Review: ‘Verboten!’

The photographic record of Nazi atrocities which Samuel Fuller has incorporated in Verboten! is timeless horror and piercing documentation of the low point in modern history. Fuller wrote, produced and directed the film and has created an interesting picture of a German city in the first days of US occupation following World War II.

The photographic record of Nazi atrocities which Samuel Fuller has incorporated in Verboten! is timeless horror and piercing documentation of the low point in modern history. Fuller wrote, produced and directed the film and has created an interesting picture of a German city in the first days of US occupation following World War II.

The initial scenes build a troubled romance between a warm GI (James Best) and a sympathetic German girl (Susan Cummings), with the latter part of the film being devoted to the thought-provoking resurgence of the Hitler youth into a ‘Werewolf’ band – a kind of ersatz ratpack – which loots, kills, aids escaped war criminals and generally poses intolerable trouble to the American Military Government. Key to the band’s destruction is the girls’ 15-year-old brother, a member of the gang, who becomes disillusioned upon attending the Nuremberg War Criminal Trials and seeing the captured German film of Nazi horrors.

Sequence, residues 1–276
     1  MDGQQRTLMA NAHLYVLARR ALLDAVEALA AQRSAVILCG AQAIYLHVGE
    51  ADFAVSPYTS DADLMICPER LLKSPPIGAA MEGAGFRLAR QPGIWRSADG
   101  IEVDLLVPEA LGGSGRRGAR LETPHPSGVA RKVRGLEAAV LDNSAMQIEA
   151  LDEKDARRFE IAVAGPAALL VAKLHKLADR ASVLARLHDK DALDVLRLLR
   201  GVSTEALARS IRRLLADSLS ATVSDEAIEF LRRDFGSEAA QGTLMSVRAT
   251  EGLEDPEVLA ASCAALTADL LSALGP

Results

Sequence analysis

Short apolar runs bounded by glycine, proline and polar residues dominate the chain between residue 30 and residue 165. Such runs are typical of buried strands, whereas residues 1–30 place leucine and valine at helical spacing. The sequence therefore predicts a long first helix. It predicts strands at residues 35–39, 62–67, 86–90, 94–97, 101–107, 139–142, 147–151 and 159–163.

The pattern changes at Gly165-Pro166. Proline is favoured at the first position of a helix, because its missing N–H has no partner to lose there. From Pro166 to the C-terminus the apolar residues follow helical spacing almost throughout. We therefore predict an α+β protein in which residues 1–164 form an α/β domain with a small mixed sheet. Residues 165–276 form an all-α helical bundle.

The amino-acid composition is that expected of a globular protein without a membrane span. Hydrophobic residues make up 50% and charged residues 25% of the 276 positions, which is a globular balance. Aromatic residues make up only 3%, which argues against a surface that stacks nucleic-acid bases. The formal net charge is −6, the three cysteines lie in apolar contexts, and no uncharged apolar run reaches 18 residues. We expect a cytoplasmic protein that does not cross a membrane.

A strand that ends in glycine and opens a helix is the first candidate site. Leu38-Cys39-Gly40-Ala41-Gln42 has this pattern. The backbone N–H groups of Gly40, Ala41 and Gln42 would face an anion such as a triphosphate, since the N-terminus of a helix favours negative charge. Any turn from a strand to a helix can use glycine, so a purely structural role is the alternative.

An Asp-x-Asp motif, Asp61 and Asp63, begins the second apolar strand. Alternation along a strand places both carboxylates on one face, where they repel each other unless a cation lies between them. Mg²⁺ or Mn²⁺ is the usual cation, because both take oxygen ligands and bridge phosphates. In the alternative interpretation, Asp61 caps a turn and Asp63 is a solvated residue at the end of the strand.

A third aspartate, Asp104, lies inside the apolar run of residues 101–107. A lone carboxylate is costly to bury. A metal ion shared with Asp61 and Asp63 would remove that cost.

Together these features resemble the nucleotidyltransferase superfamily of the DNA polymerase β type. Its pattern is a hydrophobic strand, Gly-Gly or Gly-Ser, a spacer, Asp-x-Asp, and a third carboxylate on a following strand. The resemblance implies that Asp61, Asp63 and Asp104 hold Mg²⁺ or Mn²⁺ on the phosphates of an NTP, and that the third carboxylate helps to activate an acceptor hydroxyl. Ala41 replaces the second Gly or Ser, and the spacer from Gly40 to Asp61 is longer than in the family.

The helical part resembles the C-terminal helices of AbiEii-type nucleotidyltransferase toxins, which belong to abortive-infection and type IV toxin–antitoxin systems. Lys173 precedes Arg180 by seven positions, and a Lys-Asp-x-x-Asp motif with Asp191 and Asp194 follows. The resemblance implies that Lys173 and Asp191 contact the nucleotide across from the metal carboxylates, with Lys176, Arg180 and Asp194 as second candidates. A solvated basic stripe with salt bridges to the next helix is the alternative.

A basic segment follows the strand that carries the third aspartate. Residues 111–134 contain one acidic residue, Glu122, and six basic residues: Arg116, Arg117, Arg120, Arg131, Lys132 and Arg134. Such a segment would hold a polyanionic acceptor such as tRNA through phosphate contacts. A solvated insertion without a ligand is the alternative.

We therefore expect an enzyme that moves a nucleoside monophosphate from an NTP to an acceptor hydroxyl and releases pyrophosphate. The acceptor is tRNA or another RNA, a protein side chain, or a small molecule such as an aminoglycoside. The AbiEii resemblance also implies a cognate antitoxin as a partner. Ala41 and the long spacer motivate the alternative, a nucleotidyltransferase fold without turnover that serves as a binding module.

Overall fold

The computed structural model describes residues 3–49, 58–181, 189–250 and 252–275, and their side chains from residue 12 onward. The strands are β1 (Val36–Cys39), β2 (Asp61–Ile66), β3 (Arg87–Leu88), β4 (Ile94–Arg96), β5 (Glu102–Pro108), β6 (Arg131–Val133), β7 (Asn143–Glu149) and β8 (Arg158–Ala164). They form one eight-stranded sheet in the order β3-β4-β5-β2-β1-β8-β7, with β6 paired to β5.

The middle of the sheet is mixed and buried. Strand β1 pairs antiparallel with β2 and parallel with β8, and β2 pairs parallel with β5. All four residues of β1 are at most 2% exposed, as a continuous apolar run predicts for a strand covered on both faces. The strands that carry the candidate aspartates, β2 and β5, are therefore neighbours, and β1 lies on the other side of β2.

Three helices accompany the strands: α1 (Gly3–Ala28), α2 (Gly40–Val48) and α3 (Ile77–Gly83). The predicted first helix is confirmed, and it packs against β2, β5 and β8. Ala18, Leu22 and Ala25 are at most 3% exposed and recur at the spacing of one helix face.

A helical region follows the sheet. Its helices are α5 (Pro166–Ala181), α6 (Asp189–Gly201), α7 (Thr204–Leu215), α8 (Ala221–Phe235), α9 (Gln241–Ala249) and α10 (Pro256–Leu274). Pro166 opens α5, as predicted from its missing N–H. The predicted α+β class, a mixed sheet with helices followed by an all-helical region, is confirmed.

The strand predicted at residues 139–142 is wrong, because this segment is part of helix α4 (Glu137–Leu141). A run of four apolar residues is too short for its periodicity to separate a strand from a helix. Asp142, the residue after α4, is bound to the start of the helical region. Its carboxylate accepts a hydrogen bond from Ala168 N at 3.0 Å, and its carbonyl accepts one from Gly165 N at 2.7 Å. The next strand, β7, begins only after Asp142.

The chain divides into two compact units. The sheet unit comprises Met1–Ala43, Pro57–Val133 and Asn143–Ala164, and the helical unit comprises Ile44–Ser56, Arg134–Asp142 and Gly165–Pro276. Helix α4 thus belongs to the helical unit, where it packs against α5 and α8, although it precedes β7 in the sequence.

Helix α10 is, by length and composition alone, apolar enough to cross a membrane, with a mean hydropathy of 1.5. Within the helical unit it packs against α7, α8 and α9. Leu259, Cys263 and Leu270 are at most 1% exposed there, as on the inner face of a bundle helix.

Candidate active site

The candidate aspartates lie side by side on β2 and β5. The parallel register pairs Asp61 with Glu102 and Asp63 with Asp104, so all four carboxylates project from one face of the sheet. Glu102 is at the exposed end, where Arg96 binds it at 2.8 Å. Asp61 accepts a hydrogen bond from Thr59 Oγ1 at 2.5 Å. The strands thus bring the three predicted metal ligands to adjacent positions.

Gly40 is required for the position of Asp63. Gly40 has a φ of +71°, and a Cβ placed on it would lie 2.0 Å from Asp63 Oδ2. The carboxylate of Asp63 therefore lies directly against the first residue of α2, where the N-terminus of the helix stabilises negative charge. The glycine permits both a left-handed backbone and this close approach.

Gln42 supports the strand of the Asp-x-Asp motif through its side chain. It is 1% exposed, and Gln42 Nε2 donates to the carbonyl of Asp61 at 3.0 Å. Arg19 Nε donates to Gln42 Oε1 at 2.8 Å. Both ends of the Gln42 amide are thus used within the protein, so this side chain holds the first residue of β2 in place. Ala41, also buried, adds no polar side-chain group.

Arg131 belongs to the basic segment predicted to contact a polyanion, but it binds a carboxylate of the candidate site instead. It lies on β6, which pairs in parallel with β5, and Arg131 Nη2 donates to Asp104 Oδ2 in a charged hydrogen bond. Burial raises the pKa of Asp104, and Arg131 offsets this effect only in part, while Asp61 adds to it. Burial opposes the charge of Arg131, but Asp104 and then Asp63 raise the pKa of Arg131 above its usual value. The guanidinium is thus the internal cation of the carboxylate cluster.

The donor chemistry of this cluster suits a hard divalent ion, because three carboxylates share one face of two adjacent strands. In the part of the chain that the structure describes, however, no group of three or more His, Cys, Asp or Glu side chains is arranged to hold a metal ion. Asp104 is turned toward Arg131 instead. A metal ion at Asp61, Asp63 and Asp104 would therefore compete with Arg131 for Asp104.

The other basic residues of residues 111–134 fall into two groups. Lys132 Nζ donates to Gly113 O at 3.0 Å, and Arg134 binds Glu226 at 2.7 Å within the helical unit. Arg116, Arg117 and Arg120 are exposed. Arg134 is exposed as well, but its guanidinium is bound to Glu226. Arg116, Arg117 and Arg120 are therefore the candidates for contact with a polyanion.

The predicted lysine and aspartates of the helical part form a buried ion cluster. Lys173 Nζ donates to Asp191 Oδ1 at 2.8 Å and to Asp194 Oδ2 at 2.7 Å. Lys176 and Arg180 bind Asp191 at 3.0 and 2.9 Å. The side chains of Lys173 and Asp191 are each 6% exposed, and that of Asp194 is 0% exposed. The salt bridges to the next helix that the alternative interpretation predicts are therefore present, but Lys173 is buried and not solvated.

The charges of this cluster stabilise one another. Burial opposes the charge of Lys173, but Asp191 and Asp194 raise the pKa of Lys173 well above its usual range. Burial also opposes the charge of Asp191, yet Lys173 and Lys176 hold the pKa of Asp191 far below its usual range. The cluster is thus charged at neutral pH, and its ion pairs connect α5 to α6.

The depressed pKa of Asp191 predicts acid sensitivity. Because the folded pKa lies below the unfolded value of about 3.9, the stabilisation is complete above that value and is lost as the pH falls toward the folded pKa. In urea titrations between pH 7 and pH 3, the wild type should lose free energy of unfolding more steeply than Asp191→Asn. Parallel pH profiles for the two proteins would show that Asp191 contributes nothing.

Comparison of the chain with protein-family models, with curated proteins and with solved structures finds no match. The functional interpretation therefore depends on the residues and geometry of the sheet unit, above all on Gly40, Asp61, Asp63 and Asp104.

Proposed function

Fuller’s production is excellent, having the look and feel of a film more costly than it likely was. His direction is good, often excellent, and his cast responds adeptly. Best is forceful in his determination to love in the days when it, as so many things, was forbidden. Cummings is very good throughout, growing steadily with the film coming across expertly in the final sequences. The late Tom Pittman has introductory billing in the film, and, as the leader of the wild youth, showed fine style and sound talent.

Verboten!

Production

Globe/RKO. Director Samuel Fuller; Producer Samuel Fuller; Screenplay Samuel Fuller; Camera Joseph Biroc; Editor Philip Cahn; Music Harry Sukman; Art Director John Mansbridge

Crew

(B&W) Available on VHS. Extract of a review from 1959. Running time: 86 MIN.

With

James Best Susan Cummings Tom Pittman Paul Dubov Harold Daye Dick Kallman

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